A methodology to estimate security of supply in electricity generation: results for Germany until 2030 given a high level of intermittent electricity feed-in
In this paper, we develop a methodology for deriving a consistent measure for supply adequacy in the power generation sector. We especially consider the secured generation capacity of intermittent renewable energy sources such as wind. Availability of conventional power plants is estimated through stochastic convolution of unscheduled non-usabilities. We employ our methodology to measure supply security in Germany until 2030. A detailed market analysis of power plants that are currently being built or planned provides support to our analysis for the short term. For the long term, we rely on a large-scale dispatch and investment model of the European power sector to account for the embedding of the German electricity sector in the European market. We analyze two scenarios: one with prolongation of nuclear power plants and one with a nuclear phase-out. Our results show that, even though intermittent renewables only provide very limited secured generation capacity, security of electricity supply in Germany can be assured until 2015. In the long term, the need for backup capacity for renewable energy sources increases as well as the need for electricity imports.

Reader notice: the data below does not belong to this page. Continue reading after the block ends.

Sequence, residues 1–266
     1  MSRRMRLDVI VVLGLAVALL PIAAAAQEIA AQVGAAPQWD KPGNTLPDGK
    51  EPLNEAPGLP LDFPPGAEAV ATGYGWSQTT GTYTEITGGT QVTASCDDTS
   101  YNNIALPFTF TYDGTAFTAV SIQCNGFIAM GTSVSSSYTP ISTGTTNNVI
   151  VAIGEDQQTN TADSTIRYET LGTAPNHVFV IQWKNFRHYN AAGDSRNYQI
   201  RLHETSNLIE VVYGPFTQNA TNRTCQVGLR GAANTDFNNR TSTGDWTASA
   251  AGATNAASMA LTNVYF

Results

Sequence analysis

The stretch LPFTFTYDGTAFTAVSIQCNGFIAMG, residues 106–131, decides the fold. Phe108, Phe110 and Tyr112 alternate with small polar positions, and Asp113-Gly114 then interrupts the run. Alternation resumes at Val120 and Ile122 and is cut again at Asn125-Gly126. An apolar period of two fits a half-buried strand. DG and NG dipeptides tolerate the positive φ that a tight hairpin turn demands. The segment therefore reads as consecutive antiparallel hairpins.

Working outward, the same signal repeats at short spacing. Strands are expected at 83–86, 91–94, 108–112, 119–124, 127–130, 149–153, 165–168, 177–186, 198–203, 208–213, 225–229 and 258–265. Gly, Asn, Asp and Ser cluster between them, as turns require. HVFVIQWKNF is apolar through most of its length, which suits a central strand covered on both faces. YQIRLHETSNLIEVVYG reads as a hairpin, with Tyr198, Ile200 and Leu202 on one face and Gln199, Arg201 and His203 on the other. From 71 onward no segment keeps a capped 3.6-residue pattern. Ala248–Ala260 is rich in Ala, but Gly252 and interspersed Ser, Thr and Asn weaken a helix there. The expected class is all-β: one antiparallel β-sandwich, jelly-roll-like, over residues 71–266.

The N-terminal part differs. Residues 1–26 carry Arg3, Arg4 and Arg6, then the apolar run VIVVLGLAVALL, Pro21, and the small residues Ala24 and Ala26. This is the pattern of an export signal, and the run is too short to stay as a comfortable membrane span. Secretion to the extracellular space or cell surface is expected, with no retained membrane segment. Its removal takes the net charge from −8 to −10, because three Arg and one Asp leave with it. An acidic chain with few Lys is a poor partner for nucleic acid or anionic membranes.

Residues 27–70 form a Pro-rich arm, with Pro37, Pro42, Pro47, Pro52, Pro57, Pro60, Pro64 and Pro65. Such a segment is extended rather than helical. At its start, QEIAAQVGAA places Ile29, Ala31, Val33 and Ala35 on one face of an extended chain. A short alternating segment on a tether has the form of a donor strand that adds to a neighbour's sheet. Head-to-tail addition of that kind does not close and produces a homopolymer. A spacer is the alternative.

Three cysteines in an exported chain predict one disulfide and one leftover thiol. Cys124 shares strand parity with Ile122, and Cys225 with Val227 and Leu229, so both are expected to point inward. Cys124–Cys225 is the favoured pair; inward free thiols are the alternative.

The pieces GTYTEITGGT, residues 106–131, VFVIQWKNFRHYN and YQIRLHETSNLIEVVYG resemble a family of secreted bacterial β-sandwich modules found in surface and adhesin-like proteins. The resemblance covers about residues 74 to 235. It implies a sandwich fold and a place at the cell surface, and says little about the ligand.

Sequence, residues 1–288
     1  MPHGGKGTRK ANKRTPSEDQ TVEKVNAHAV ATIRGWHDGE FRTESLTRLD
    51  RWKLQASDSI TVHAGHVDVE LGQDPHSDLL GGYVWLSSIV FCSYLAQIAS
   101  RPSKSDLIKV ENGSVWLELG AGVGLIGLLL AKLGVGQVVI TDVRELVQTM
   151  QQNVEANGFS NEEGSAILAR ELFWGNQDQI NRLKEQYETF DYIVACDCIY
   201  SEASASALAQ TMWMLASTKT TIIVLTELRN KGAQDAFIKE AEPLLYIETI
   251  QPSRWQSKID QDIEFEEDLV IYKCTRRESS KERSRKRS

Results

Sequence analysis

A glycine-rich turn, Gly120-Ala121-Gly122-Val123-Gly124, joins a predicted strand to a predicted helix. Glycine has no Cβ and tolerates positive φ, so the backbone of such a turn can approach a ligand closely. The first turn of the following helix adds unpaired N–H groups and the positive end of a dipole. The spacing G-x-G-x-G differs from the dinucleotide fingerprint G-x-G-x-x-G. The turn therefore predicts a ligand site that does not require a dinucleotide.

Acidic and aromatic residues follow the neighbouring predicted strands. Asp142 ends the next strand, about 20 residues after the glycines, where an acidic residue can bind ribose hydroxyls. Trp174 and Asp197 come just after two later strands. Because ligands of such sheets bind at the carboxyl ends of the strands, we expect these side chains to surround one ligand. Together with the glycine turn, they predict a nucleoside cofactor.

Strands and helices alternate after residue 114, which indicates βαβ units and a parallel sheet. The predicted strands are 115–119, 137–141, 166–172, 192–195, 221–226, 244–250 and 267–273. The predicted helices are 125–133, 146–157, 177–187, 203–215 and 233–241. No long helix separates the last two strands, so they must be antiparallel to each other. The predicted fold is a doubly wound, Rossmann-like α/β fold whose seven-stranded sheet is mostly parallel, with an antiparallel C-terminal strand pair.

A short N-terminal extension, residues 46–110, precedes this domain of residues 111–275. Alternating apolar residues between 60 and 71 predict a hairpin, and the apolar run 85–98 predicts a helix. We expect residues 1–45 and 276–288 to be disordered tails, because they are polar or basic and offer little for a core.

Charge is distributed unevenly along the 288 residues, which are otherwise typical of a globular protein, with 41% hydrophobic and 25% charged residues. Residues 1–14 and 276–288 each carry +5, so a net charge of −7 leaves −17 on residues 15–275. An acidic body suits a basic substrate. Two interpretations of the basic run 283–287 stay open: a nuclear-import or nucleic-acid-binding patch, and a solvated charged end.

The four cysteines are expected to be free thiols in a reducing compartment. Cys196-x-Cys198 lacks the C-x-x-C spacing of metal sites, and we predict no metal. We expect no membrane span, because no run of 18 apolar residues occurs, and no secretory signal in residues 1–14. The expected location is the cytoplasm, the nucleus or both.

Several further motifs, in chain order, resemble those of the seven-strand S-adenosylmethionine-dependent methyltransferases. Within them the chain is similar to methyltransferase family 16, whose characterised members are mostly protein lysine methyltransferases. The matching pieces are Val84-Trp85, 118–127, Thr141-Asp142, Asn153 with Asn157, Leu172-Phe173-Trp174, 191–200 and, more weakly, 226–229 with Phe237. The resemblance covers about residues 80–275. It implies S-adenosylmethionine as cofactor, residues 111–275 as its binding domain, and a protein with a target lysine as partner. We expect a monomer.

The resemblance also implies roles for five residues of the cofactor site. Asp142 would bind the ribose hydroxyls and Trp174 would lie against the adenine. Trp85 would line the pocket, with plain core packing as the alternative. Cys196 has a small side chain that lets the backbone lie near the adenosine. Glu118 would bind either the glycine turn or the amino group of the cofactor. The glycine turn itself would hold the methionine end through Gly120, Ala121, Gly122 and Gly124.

|Date of creation:||28 Dec 2011|
|Date of revision:|
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0821, Faculty of Economics, University of Cambridge.
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